keyhole

[kee-hohl]
noun
1.
a hole for inserting a key in a lock, especially one in the shape of a circle with a rectangle having a width smaller than the diameter of the circle projecting from the bottom.
2.
Also called key. Basketball. the area at each end of the court that is bounded by two lines extending from the end line parallel to and equidistant from the sidelines and terminating in a circle around the foul line.
adjective
3.
extremely private or intimate, especially with reference to information gained as if by peeping through a keyhole.
4.
snooping and intrusive: a keyhole investigator.

Origin:
1585–95; key1 + hole

Dictionary.com Unabridged
Based on the Random House Dictionary, © Random House, Inc. 2014.
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Collins
World English Dictionary
keyhole (ˈkiːˌhəʊl)
 
n
1.  an aperture in a door or a lock case through which a key may be passed to engage the lock mechanism
2.  any small aperture resembling a keyhole in shape or function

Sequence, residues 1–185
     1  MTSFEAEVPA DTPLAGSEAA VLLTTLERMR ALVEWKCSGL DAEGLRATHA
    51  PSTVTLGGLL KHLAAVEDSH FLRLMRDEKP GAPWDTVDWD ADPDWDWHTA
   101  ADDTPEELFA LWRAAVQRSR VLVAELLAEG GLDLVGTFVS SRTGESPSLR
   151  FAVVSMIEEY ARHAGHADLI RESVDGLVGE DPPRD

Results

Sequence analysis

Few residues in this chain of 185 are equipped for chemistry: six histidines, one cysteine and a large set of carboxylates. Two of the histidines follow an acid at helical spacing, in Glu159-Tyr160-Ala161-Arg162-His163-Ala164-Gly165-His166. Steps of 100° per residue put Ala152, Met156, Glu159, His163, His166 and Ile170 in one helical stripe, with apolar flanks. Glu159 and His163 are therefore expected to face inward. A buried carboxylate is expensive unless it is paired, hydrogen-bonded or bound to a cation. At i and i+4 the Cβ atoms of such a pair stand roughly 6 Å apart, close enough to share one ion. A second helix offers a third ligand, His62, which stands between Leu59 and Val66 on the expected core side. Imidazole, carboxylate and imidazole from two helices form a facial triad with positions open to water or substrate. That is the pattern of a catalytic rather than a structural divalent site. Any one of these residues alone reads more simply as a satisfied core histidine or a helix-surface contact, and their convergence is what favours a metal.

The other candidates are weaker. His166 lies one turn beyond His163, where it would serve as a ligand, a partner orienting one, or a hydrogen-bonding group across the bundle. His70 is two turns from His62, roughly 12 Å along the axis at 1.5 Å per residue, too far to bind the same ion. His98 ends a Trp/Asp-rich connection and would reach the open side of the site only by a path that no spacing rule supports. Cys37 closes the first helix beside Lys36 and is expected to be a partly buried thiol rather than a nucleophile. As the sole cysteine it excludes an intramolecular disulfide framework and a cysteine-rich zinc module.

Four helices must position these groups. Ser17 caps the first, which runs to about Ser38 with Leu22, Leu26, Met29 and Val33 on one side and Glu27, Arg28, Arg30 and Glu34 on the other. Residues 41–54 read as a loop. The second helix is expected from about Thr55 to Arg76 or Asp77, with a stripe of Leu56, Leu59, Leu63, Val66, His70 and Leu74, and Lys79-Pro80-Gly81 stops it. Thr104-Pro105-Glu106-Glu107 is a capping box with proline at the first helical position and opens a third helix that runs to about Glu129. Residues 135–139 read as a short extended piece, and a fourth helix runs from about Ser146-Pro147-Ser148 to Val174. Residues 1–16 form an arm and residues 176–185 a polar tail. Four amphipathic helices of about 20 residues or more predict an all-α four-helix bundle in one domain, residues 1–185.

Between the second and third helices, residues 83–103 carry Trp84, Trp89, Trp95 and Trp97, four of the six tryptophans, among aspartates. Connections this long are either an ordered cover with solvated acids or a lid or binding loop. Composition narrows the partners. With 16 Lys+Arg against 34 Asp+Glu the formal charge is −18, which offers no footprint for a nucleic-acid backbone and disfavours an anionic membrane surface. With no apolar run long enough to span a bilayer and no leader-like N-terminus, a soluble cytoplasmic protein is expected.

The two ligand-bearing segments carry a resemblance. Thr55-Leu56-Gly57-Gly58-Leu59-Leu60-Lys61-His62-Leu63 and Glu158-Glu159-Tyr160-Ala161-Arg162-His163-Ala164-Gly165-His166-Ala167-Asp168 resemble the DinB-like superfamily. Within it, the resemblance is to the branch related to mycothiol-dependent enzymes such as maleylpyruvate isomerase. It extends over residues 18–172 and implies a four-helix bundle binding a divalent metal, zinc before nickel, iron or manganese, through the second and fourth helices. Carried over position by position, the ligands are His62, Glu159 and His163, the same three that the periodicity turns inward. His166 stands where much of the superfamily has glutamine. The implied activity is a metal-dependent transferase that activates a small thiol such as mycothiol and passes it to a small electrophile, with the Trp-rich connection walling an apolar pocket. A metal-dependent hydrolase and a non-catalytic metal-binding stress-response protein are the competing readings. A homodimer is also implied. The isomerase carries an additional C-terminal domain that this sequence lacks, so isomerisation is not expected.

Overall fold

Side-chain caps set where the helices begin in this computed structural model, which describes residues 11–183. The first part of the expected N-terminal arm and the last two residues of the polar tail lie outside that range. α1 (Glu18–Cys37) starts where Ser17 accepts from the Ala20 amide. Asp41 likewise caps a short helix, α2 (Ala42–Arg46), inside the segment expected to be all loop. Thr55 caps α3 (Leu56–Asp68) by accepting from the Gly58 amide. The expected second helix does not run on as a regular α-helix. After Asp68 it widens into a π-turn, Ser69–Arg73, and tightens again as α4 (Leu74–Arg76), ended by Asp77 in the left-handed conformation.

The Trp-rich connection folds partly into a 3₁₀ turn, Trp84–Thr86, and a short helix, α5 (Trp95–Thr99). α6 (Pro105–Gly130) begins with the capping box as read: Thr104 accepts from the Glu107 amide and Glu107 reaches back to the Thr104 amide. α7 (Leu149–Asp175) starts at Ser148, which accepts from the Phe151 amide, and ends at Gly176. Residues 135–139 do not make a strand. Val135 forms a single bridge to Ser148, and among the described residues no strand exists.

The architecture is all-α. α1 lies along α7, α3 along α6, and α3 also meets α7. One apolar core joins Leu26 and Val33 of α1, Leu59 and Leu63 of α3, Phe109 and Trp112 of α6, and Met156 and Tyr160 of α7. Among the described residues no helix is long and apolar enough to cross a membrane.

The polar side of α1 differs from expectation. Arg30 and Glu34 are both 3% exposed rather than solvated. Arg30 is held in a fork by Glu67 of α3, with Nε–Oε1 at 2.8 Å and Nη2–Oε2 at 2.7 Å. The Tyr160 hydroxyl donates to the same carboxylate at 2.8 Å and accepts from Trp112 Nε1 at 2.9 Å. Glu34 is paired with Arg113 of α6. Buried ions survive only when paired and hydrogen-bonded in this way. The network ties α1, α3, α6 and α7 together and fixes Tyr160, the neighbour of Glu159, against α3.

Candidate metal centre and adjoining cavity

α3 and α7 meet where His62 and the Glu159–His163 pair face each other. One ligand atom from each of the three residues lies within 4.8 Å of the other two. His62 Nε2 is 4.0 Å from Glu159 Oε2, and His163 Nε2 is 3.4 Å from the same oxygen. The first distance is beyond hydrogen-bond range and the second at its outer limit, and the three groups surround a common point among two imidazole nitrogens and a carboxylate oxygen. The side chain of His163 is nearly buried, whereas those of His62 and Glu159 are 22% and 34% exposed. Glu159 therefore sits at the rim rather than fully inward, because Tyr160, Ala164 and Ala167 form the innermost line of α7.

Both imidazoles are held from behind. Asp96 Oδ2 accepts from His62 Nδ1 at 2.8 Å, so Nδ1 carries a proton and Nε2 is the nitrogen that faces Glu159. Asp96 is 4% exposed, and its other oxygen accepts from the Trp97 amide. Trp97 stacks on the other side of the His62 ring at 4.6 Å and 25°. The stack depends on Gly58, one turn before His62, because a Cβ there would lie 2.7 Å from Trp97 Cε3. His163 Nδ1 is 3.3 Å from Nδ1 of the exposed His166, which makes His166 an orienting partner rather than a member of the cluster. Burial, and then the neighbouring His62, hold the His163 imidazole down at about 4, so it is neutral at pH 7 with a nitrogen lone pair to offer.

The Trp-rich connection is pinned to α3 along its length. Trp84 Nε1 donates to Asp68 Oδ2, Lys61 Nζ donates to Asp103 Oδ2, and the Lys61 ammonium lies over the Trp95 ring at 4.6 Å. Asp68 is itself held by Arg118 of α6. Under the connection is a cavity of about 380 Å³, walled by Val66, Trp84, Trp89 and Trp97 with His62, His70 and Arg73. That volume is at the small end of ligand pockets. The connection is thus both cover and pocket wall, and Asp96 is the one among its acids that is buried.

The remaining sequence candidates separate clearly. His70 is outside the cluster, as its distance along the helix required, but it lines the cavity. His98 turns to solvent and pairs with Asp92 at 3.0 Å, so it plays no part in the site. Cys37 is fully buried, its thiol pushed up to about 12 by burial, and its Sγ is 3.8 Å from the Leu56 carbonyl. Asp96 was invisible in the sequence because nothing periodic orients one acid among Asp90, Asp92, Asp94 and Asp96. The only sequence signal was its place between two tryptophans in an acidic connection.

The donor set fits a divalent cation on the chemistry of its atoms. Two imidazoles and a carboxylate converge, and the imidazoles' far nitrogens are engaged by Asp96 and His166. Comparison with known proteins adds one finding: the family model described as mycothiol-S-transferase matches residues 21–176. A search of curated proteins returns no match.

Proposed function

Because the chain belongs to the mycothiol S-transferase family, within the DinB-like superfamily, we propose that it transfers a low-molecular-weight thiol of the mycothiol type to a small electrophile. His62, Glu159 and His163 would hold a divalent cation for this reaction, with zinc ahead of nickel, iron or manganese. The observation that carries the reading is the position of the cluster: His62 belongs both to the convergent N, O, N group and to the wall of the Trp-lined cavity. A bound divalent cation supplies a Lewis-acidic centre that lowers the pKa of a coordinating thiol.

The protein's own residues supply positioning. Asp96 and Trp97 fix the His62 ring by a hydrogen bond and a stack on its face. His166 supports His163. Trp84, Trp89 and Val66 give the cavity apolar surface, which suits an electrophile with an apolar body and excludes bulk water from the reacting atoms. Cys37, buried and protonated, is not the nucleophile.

3.  a transient column of vapour or plasma formed during the welding or cutting of materials, using high energy beams, such as lasers

Collins English Dictionary - Complete & Unabridged 10th Edition
2009 © William Collins Sons & Co. Ltd. 1979, 1986 © HarperCollins
Publishers 1998, 2000, 2003, 2005, 2006, 2007, 2009
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Example sentences
He had the same problem in his right shoulder four years ago and had keyhole
  surgery to fix it.
The lock on his car door had frozen and he had to breathe on the keyhole to fit
  the key.
The map is mounted on wood material with beveled edges and a keyhole hanging
  slot on the back.
The other problem is that these networks offer us the world through a
  contemporary keyhole.
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